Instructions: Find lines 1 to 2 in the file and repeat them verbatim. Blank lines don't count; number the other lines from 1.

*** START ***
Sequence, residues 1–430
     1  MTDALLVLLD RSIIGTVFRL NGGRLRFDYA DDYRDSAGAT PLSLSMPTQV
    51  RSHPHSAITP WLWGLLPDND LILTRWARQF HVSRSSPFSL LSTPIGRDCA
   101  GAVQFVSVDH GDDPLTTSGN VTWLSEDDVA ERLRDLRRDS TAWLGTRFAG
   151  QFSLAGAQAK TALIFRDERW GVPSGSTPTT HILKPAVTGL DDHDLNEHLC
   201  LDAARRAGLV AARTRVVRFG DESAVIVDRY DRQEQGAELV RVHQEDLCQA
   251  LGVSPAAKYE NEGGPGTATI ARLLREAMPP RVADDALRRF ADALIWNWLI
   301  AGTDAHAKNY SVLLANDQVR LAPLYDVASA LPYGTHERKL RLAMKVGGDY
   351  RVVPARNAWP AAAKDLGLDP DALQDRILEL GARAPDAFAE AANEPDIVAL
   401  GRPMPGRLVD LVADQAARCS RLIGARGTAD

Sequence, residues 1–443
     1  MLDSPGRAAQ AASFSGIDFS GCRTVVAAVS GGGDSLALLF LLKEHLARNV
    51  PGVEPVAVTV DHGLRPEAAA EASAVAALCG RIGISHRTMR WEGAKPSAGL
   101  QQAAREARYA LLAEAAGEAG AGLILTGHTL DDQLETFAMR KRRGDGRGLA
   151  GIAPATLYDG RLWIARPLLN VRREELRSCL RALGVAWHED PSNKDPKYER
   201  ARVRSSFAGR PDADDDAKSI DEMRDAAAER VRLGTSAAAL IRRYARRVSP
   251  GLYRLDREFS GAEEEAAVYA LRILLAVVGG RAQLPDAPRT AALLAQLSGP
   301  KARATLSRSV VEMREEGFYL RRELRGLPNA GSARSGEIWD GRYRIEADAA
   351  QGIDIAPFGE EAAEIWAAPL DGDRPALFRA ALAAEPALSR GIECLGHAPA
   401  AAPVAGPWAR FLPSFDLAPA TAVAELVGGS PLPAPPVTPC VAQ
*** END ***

Sequence, residues 1–430
     1  MTDALLVLLD RSIIGTVFRL NGGRLRFDYA DDYRDSAGAT PLSLSMPTQV